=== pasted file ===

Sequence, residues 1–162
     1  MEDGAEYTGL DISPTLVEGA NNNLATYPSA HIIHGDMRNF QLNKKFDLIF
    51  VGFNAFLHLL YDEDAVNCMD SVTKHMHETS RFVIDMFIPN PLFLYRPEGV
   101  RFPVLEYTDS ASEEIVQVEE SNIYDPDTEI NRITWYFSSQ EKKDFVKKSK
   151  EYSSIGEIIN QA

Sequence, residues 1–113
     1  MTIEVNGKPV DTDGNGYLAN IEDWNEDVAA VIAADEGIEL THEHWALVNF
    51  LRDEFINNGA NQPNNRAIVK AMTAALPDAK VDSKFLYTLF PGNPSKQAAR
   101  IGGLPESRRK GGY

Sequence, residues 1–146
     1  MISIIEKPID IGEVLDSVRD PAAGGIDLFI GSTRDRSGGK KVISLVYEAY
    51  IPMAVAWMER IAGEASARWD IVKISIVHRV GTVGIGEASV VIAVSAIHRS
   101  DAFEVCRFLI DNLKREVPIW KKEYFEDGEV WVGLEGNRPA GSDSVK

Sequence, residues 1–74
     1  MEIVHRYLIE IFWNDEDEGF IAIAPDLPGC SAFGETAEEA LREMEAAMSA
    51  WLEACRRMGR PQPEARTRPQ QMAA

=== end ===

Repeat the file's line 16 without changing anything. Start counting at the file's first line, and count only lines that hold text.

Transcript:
    51  WLEACRRMGR PQPEARTRPQ QMAA